material model can be used if yielding in the internal steel shims is expected. Rubber can be

modeled either as hyperelastic material or a viscoelastic material. Viscoelastic model can be used

if experimental data on stress-strain, strain-rate, creep, and stress relaxation test is available. If

only stress-strain data are available from an experiment, a hyperelastic material model is

recommended. The property data form of rubber defined using a hyperelastic material is shown

in Figure 1.6.

Hyperelastic material models require experimental data to determine the unknown parameters

required to model the rubber. If the initial shear modulus of the rubber is known, Neo-Hookean

model (Rivlin, 1948) is an appropriate model for tensile shear strains of up to 40%, in which case

no experimental data is required. A high value is assigned to the bulk modulus of rubber to

account for its incompressibility. If a viscoelastic material model is used for rubber, LS-DYNA

requires the user to input a short-term and long-term shear modulus; in ABAQUS it can modeled

in the frequency domain using complex modulus or in the time domain by constructing a Prony

series.

The behavior of rubber in high shape factor bearings differs from the experimental behavior

observed from rubber coupon tests. When an elastomeric bearing is subjected to vertical tension,

cavities form inside the volume of rubber: cavitation. Cavitation is followed by the substantial

reduction in the vertical stiffness. Although rubber damage models are available in ABAQUS

(e.g., Mullins damage model), the cavitation phenomenon in elastomeric bearings is different and

cannot be captured using the Mullins damage model. Cavitation in elastomeric bearings cannot

be captured by ABAQUS, LS-DYNA, or ANSYS using continuum modeling approach at this

time.

a) Selection of a mechanical properties b) Definition of a Neo-Hookean material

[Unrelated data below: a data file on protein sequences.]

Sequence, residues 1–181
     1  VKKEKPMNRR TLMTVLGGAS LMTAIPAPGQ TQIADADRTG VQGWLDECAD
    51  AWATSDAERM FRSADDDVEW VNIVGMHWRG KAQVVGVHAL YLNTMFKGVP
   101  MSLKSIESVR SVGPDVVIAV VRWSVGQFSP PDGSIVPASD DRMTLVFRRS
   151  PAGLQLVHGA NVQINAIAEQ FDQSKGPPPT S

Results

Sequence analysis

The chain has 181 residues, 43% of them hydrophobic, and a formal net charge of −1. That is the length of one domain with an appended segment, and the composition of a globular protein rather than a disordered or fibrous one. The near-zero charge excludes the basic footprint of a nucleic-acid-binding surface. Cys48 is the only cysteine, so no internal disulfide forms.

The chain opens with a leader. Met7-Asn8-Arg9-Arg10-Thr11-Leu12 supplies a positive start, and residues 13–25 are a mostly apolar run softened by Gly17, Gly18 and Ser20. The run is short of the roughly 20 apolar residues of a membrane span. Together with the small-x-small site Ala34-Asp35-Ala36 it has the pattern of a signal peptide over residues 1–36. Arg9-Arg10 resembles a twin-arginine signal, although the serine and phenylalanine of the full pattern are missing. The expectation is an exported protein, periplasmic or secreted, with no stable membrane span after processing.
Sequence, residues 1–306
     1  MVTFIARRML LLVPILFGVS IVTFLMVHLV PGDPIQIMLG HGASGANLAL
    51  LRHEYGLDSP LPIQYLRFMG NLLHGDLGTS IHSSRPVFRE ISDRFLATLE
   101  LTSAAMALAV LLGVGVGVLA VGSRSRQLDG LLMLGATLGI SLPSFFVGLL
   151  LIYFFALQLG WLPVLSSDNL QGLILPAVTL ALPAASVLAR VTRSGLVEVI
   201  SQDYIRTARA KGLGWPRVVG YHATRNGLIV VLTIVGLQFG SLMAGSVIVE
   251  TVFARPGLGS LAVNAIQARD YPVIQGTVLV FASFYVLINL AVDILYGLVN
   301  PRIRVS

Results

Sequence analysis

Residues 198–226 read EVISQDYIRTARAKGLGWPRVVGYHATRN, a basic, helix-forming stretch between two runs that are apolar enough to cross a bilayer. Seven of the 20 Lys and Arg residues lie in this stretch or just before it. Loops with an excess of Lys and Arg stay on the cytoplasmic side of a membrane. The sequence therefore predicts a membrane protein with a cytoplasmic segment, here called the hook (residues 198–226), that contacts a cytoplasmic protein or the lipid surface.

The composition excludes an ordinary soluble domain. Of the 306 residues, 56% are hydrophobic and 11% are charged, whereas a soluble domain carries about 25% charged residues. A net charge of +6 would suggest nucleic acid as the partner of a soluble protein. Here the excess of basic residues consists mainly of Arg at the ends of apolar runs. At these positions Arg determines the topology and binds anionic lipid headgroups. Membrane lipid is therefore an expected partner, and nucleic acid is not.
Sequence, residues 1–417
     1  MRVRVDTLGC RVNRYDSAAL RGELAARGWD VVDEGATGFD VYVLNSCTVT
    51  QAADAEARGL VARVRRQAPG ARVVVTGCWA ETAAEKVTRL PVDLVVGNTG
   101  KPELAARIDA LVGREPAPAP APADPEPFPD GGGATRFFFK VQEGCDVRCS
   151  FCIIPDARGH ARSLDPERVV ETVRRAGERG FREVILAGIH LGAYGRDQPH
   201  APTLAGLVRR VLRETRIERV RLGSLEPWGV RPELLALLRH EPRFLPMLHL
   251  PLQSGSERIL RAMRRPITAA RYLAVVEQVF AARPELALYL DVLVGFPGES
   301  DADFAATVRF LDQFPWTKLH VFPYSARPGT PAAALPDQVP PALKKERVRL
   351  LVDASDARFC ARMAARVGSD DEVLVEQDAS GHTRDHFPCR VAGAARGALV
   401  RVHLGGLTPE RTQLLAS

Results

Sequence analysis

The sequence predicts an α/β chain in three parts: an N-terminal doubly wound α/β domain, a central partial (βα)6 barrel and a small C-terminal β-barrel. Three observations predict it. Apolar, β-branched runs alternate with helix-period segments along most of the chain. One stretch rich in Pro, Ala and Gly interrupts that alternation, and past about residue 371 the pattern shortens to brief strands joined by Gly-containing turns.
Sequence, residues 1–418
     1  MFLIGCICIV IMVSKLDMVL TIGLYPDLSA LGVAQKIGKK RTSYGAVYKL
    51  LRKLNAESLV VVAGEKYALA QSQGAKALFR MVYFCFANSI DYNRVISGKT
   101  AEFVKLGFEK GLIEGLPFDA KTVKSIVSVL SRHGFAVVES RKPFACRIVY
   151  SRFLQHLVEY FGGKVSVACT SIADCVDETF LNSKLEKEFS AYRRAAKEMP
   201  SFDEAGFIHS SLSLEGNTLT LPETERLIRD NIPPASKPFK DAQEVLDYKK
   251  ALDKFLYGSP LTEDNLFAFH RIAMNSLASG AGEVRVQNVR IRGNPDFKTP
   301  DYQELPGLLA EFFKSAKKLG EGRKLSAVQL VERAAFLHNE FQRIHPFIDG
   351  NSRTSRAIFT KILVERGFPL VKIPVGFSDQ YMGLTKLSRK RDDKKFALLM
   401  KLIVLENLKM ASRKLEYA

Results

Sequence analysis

Figure 1.6: Properties definition of rubber material in ABAQUS

Convergence is often an issue with the use of hyperelastic material models due to its highly

nonlinear characteristics. The single-parameter Neo-Hookean hyperelastic material, although

easy to use, is not suitable for very large deformation analysis in which strain values exceeds

40%, which may be the case in the analysis of seismic isolation bearings. Other hyperelastic

models (e.g., Yeoh and Ogden) using a larger number of parameters provide better numerical

stability, but they require experimental data to determine the parameters.

1.5.2 Discrete Modeling

1.5.2.1 General

FEA software programs also provide option to create discrete model of isolators. Although the

continuum approach modeling of isolators among different FEA software programs is similar,

the modeling options for creating discrete models of isolators vary across platforms. Some of the

software programs provide a direct option to model a seismic isolator based on geometrical and

material properties of isolator, whereas others use different techniques to create a two-node,

twelve degree-of-freedom element with six principal directions. The discrete modeling

techniques in ABAQUS and LS-DYNA are discussed here. ANSYS does not provide a direct

option for discrete modeling of isolators, but link and spring elements can be used to model an

isolator.

1.5.2.2 Discrete Modeling in ABAQUS

ABAQUS provides the option to use a connector element to create discrete models of

isolators. The connector element in ABAQUS is similar to Link/support element in SAP2000.

ABAQUS provides a comprehensive list of connector elements that can be used to model an

elastic spring, a dashpot, friction, plasticity, and damage. Different directions between two nodes

can be coupled, uncoupled or a combination of both. An illustration of connector behaviors in

ABAQUS is shown in Figure 1.7.

Figure 1.7: Conceptual illustration of connector behaviors (Systmes, 2010b)

The first step in developing a connector is to define a connection type that represents the physical

model of the isolator. There are two ways to create two-node, twelve degree-of-freedom discreet

element that is characterized by six local directions: 1) a basic category connection with a

translational connection type assigned to Cartesian and rotational connection type assigned to

Rotation, or 2) an assembled/complex category Bushing connection. Both options are shown in

Figure 1.8.

a) Basic connection b) Assembled/complex connection

Figure 1.8: Type of connectors used for seismic isolators

Once the connection type is defined, connection behavior can be defined in each of the six local

directions for the seismic isolators. ABAQUS provides option of using an isotropic or kinematic

hardening model. A direct option to use the Bouc-wen model extended by Nagarajaiah et al.

(1991) for seismic isolators is not available. Figure 1.9 shows the data form for a connector.

Additional information on use of connector elements in ABAQUS is provided in Section 28 of